The USC Center for Body Computing (CBC), part of Keck Medicine of USC, is collaborating with a technology developer to further the digital health and wearable tech revolution.

The center will be working with the SHOP, an innovation lab from VSP Global, to pursue research on mobile health, wearable technology and the growing intersection of personalized, empowered health care.

“It’s exciting to work with VSP on an unexplored avenue of wearable health technology,” said USC CBC Founder and Executive Director Leslie Saxon, MD. “Together we’re going beyond the limitations of today’s health and wellness monitoring and giving power to consumers to become the heroes of their own health stories. As the leader in vision services, VSP supports millions of members, and we’re thrilled to have them as a USC CBC member, where we can collaborate closely on the development of this groundbreaking product.”

In March, VSP Global announced the development of Project Genesis, the first wearable prototype to seamlessly integrate health-tracking technology into the temple of an optical frame. The first generation of the device syncs via Bluetooth to a custom app, tracking the wearer’s steps, calories burned, activity time and distance traveled.

SHOP team members engaged in an intense two-day think tank earlier this summer with the USC CBC to explore commercialization pathways to take Project Genesis from prototype to market-ready product.

“As we enter into a new phase in the development of Project Genesis, it’s critical that we have the very best minds at the table to ensure we’re developing a meaningful experience that enhances the wearer’s life,” said SHOP co-leader Jay Sales. “Our membership with the USC CBC creates a partnership hub that will allow our team to engineer the next generation of this product with insight from experts outside our own bubble.”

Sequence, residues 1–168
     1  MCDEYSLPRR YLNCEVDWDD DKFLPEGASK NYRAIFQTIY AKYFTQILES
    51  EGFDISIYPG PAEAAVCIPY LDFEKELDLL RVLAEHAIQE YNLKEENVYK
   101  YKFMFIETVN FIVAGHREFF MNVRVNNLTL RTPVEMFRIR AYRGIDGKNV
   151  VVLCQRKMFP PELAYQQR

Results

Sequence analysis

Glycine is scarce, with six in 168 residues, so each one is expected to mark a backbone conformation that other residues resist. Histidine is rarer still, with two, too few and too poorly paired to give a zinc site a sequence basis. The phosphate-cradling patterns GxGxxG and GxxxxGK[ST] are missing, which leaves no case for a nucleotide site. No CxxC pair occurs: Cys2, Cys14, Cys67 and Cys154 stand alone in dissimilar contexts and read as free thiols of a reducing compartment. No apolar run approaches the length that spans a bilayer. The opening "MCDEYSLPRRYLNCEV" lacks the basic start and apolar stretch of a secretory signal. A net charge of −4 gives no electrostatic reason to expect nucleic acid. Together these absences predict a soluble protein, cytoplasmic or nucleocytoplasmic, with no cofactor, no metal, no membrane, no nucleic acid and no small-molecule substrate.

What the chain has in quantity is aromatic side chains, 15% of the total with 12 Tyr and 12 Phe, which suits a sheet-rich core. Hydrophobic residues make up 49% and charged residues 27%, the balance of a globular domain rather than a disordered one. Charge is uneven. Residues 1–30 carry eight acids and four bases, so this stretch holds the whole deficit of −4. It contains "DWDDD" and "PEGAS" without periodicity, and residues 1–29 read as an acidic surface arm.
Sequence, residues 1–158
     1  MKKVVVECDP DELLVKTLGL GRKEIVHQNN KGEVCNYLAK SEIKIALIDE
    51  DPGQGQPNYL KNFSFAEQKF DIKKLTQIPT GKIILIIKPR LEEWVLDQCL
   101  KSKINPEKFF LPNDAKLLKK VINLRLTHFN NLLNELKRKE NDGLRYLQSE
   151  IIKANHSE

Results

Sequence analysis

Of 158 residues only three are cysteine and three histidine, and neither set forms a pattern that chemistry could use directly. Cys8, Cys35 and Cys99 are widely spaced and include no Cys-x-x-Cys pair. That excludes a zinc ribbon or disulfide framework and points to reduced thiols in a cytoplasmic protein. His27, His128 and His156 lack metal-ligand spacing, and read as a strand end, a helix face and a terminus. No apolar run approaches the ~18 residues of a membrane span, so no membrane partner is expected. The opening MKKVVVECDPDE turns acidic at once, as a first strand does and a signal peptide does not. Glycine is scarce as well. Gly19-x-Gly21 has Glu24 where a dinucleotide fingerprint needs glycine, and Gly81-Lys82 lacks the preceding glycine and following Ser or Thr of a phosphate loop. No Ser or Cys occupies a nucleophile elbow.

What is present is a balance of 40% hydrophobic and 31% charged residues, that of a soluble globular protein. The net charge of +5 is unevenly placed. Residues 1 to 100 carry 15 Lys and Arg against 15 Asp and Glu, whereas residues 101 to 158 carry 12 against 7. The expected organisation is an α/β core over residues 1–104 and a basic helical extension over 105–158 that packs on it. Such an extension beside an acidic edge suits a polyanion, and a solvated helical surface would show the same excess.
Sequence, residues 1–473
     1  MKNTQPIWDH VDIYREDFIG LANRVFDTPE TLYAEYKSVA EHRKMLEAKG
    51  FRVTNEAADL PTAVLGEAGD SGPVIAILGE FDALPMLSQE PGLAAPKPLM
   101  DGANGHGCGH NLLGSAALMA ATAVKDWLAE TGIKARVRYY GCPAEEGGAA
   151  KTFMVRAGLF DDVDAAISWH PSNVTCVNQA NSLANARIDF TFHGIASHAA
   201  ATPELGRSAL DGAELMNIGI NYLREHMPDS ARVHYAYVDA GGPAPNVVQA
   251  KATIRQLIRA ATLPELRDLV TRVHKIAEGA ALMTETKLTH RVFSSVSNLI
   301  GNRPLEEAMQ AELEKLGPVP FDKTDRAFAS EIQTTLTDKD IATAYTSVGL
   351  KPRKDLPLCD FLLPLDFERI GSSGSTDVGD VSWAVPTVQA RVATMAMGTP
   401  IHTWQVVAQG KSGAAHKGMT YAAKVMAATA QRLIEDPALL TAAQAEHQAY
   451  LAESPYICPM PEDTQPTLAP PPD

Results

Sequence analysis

Founded in 2007, the USC CBC functions as an interdisciplinary brain trust and innovation center within the Keck School of Medicine of USC. Member organizations are given access to expertise in medicine, business, engineering and entertainment to better navigate the complex and evolving world of wireless health care.

“Being at the USC Center for Body Computing is like being at the Knights of the Round Table,” said SHOP co-leader Leslie Muller. “With diverse perspectives and the mobile health expertise of the USC CBC, we can move Genesis into the next phase of development with a holistic approach that fuses design, technology and contextualized health care through a platform that we know best — eyewear.”

As an emerging focus for the SHOP, contextualized health care is the idea of enriching and personalizing traditional medical records with context from daily living. An example might include harnessing raw biometric data from a wearable device and transforming it into actionable insights that result in increased health and well being for the wearer.

— Sherri Snelling